SCOTT — The city is moving north.
Work is expected to begin next month on a $1.2 million project to extend city water and sewer lines under Interstate 10 to serve undeveloped tracts north of the interstate, said Pat Logan, who oversees planning for Scott.
Hotels, restaurants and retail stores have been crowding in along the south side of I-10 near the Scott exit, but the lack of frontage roads and water lines have kept growth in check on the other side of the highway.
“That was a big impediment to developing there,” Logan said.
He said one of the main reasons for extending the water lines is the 44-acre Destination Pointe commercial development that is planned for the northwest corner of the I-10 interchange at Scott.
The development was first proposed more than five years ago, but the combined effects of the national economic recession and a lack of infrastructure had slowed plans for the project.
“They’ve really been waiting to see the commitment from the city,” Scott Mayor Purvis Morrison said.
Larry Dietz, a Baton Rouge-based broker who is recruiting businesses for Destination Pointe, said interest is picking up.
“I’m in pretty detailed discussions with large big-box users, which will be the anchor for the development,” he said.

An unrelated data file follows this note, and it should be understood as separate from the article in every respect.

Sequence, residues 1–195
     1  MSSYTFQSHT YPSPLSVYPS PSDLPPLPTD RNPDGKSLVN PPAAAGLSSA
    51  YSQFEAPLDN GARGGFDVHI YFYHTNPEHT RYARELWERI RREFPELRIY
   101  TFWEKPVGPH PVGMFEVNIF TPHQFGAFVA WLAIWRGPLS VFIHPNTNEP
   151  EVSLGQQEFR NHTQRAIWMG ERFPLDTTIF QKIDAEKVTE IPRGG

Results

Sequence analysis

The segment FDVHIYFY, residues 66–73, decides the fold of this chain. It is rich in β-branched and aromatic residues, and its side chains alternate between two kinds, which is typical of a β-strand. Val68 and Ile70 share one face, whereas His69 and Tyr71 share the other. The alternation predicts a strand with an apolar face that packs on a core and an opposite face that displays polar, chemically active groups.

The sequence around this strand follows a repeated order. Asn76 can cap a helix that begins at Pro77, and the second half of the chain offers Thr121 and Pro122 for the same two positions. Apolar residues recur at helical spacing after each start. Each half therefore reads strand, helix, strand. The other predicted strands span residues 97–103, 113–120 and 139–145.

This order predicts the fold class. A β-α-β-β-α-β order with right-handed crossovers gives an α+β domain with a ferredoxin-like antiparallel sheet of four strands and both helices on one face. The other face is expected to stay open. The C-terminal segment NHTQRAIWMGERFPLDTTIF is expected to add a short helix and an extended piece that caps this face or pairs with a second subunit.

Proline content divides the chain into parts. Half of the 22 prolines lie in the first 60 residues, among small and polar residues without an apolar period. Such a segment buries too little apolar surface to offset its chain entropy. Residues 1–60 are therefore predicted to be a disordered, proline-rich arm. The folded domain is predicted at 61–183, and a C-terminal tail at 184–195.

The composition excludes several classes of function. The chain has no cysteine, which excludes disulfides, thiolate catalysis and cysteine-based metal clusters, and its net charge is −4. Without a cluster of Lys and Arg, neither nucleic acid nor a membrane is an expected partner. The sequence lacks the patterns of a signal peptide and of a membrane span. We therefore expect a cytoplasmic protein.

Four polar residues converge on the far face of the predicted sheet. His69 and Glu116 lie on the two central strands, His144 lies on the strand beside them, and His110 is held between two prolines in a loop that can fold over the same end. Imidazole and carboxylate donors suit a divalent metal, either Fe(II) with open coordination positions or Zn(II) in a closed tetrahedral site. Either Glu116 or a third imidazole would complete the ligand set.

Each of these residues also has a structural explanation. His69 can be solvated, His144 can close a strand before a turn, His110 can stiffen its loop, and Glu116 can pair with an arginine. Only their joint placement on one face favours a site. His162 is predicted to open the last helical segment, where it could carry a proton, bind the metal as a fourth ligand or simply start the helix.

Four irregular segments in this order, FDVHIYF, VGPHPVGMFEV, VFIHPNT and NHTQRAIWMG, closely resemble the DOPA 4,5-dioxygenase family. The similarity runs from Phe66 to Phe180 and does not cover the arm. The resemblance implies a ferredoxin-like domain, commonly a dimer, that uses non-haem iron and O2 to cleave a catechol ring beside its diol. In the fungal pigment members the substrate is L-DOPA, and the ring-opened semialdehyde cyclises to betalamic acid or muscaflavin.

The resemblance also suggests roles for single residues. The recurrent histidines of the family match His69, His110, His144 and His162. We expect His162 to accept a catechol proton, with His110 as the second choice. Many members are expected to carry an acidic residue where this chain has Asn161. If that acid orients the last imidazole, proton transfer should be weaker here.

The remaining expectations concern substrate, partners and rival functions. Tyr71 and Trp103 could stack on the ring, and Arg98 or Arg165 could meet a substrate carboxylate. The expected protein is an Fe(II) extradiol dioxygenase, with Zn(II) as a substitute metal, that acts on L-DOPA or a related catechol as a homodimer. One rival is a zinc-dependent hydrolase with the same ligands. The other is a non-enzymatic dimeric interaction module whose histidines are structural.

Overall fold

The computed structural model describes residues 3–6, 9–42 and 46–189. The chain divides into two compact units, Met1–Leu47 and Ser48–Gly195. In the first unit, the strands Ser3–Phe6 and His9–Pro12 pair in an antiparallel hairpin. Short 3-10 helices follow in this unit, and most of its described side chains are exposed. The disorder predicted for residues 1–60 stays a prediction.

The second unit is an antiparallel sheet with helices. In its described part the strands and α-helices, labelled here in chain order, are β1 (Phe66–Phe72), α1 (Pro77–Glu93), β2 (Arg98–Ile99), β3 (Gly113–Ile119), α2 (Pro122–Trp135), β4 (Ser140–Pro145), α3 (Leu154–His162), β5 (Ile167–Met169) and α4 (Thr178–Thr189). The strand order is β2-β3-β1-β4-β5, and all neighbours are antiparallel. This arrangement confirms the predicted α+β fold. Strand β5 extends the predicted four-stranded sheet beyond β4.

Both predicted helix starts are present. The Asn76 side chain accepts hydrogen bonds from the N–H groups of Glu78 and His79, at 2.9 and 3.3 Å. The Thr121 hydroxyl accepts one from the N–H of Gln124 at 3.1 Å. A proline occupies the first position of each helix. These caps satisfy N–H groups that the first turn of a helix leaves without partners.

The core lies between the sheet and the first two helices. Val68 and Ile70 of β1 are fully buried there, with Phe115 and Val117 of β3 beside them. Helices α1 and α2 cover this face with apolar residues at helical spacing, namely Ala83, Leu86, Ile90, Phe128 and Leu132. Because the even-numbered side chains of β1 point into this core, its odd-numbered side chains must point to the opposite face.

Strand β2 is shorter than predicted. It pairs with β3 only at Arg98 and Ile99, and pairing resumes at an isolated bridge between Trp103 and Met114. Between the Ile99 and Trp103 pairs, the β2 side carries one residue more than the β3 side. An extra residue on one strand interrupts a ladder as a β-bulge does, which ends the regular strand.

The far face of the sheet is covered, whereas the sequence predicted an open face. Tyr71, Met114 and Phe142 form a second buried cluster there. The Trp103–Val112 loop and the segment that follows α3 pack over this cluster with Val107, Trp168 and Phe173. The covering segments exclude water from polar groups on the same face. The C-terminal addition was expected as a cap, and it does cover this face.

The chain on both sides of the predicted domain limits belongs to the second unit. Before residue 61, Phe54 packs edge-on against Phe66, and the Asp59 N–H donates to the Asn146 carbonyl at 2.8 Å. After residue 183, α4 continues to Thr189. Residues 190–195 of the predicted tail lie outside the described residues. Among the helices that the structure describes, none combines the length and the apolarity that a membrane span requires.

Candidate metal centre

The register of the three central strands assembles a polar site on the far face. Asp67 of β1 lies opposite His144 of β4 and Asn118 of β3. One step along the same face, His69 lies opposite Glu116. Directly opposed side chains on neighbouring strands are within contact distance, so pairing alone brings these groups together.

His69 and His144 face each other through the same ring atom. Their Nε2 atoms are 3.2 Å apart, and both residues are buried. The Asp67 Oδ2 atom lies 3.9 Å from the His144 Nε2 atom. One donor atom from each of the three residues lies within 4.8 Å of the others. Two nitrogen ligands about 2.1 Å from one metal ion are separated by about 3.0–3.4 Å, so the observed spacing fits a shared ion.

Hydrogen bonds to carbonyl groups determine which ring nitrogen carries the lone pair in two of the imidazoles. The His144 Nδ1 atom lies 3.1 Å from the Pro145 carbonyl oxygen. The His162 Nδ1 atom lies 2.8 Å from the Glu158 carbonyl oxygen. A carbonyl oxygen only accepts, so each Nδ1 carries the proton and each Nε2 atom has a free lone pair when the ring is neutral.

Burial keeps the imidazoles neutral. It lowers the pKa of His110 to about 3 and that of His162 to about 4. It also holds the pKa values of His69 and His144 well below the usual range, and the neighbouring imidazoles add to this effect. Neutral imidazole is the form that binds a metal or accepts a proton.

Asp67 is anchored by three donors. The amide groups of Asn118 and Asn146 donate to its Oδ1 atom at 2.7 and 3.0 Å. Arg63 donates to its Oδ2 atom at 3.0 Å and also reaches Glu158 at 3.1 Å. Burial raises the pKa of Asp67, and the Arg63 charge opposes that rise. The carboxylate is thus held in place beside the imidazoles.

Dietz said confidentially agreements prevent him from disclosing the names of the interested companies.
“We anticipate we will have ground-breaking about this time next year,” he said.
Morrison said that in addition to the new water and sewer lines, the city has secured about $1 million in state money to help pay for a $1.5 million frontage road on the north side of I-10, skirting the Destination Pointe development and paving the way for other developments.
“It gives us the opportunity to grow that side of I-10,” Morrison said.
No date has been set for the start of the road project, but engineering work has begun, Logan said.
Upper Lafayette Economic Development Foundation Director Jan Swift said the area north of I-10 in Scott seems primed for development, considering how quickly frontage roads have filled in south of I-10.
“I just think it’s going to be explosive growth,” she said. “The town is ready for it.”
The plans for water lines and frontage roads north of the Scott I-10 exit are moving forward as work is wrapping up on a $2.3 million roundabout on La. 93 just south of I-10 in Scott.
The state Department of Transportation and Development project aims to ease traffic congestion that has grown worse as more businesses locate in and around the I-10 exit.
More than 11,000 vehicles a day pass through the area, according to figures from DOTD.
Logan said the roundabout is scheduled to be complete by the end of the year.
Scott is also preparing to begin work on a 2-mile extension of Apollo Road from Cameron Street to the intersection of Dulles Drive and Rue de Belier, a project that will open up vacant land for development in the southwestern corner of Scott and ease traffic congestion.
Swift said that leaders in Scott have consistently shown a knack in recent years for projects that spur commercial growth.
“I think a lot of people in Lafayette don’t realize it, but they take a trip and say, ‘Wow, it’s booming,’ ” she said.